Blue-Gray Gnatcatcher: Bird Finder for August 7
by Greg Hanisek
What It Looks Like: The long-popular reference to a “miniature Mockingbird” holds up pretty well. Shape and tone are reminiscent of the big mimid, although the gnatcatcher lacks the white wing markings. But keep miniature in mind. This is a small, slender bird in the warbler size category.
Its thin bill and long tail give it a characteristic shape that makes it identifiable even when silhouetted high in a tree. In good light the blue part of blue-gray is evident on the male, as are the white outer tail feathers on the otherwise black (and very mobile) tail. Also note the thin white eye ring.
Where To Find It: Gnatcatchers are birds of lowland deciduous woods, often found in riparian habitats. They’re widespread breeders in Connecticut but least common in upland woodlands. They’re common north through Massachusetts, following the coast and valleys into the three northern New England states but disappearing in northern Maine. They have been undergoing a northward range extension.
How To Find It: Gnatcatchers often announce their presence by their distinctive and persistent call notes, usually rendered as a thin, querulous “spee” or “spee-spee-spee.” They’re very active, so a call note should lead quickly to a quickly moving bird.
Migrants return to Connecticut in mid-April from wintering grounds in the southern U.S., Mexico and Central America. In passage they’re usually found in the same habitats they’ll occupy in the breeding season. In fall they’re on the move in August and early September, a time when many passerines quietly slip through places that are full of birdsong in May.
A day in the field during fall migration may produce a few gnatcatchers, but there’s one spot in Connecticut that consistently concentrates their movements – Lighthouse Point in New Haven. After a cold front in mid-August or early September, gnatcatchers can be found there in numbers, flitting through the trees but also in surprisingly strong overhead flight. There’s something amusingly incongruous about three or four tiny, madly flapping birds heading toward New Haven Harbor at a height of 100 feet or more. With their long tails and oval bodies, gnatctachers have been dubbed by some of the Lighthouse hawk-watchers as “flying spoons.”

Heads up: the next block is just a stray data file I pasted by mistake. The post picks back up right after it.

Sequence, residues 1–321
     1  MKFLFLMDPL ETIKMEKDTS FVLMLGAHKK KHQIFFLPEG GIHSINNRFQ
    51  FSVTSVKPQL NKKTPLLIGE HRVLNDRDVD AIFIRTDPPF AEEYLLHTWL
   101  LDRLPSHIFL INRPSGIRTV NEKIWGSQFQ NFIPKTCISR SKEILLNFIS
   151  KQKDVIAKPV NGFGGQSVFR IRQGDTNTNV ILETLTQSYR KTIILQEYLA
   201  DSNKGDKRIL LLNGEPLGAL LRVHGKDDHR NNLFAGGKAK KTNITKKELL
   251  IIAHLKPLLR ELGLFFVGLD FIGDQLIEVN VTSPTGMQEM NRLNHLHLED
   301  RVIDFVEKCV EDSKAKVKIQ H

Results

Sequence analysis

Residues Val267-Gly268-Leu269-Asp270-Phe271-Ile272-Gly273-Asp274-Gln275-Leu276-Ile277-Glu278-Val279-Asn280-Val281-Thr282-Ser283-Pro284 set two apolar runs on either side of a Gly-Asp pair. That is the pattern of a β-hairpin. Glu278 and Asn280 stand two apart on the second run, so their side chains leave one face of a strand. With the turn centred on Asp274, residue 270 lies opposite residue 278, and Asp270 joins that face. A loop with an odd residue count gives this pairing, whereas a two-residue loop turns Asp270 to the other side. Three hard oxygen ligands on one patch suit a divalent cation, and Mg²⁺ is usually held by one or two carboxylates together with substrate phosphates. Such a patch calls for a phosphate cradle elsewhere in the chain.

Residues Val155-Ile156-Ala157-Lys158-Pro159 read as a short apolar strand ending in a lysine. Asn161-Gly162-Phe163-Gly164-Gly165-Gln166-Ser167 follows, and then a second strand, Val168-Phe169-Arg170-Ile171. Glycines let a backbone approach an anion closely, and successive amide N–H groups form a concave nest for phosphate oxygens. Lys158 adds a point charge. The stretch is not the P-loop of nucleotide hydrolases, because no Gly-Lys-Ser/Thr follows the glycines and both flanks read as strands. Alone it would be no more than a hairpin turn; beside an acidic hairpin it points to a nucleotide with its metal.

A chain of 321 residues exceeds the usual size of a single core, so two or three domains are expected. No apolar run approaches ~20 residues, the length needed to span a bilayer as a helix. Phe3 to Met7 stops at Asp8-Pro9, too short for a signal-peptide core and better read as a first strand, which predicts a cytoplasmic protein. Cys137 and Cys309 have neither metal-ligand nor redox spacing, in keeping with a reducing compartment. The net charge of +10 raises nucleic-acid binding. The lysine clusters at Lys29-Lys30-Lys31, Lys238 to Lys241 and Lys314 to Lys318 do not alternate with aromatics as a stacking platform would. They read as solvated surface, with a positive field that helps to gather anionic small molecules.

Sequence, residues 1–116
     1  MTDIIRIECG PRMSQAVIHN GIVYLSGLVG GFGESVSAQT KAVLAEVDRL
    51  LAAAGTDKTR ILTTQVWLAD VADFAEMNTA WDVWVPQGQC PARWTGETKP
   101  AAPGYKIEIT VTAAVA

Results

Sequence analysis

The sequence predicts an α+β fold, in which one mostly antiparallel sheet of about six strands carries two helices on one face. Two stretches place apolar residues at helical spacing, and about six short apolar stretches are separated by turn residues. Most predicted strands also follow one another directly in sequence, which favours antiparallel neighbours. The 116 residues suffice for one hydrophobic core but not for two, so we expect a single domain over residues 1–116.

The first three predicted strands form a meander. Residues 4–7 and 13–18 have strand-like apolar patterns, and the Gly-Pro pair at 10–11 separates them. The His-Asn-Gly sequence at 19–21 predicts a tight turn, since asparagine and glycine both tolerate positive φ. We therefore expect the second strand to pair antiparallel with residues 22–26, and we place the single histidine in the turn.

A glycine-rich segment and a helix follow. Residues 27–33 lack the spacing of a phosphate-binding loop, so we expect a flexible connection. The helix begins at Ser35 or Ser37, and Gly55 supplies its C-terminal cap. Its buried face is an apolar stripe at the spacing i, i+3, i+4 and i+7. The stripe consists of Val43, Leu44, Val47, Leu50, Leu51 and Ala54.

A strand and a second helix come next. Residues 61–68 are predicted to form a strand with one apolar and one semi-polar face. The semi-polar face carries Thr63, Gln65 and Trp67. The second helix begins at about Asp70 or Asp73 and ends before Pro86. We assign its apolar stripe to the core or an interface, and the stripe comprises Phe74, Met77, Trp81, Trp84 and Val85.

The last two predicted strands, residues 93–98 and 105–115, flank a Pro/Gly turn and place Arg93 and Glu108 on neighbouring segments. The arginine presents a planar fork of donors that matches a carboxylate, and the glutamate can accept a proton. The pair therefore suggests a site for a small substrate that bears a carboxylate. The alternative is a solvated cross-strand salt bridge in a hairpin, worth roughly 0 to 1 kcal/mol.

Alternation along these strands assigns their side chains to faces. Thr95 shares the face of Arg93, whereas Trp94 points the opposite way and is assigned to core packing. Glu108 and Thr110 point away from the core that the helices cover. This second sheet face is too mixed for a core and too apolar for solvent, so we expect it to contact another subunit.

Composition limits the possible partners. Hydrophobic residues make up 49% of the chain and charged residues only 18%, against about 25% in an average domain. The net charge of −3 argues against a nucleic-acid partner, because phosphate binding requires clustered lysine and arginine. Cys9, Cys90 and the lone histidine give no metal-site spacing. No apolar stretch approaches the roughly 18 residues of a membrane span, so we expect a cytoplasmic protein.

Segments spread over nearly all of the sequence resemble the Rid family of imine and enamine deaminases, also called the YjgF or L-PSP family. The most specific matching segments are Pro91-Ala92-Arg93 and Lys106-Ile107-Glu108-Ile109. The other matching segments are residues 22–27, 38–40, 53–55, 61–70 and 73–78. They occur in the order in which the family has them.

Movements are also detectable at other fall passage concentration points such as Bluff Point in Groton and Greenwich Point. The highest count for Connecticut in eBird is 50 on August 23, 2011, at Bluff Point (Glenn Williams).
Noteworthy: Arthur Cleveland Bent, in his Life Histories of North American Thrushes, Kinglets and Their Allies, writes: “Dr. Herbert Friedmann (1929) recorded the gnatcatcher as ‘a not uncommon victim of the cowbird and in some places a fairly common one.’ It must indeed be the smallest North American species thus victimized.”
Conservation Status: Least Concern
Greg Hanisek is a retired journalist who still writes a weekly nature column for the Republican-American newspaper in Waterbury. He is editor of the Connecticut Warbler, the quarterly journal of the Connecticut Ornithological Association.
Photo by Dick Daniels, Carolinabirds.org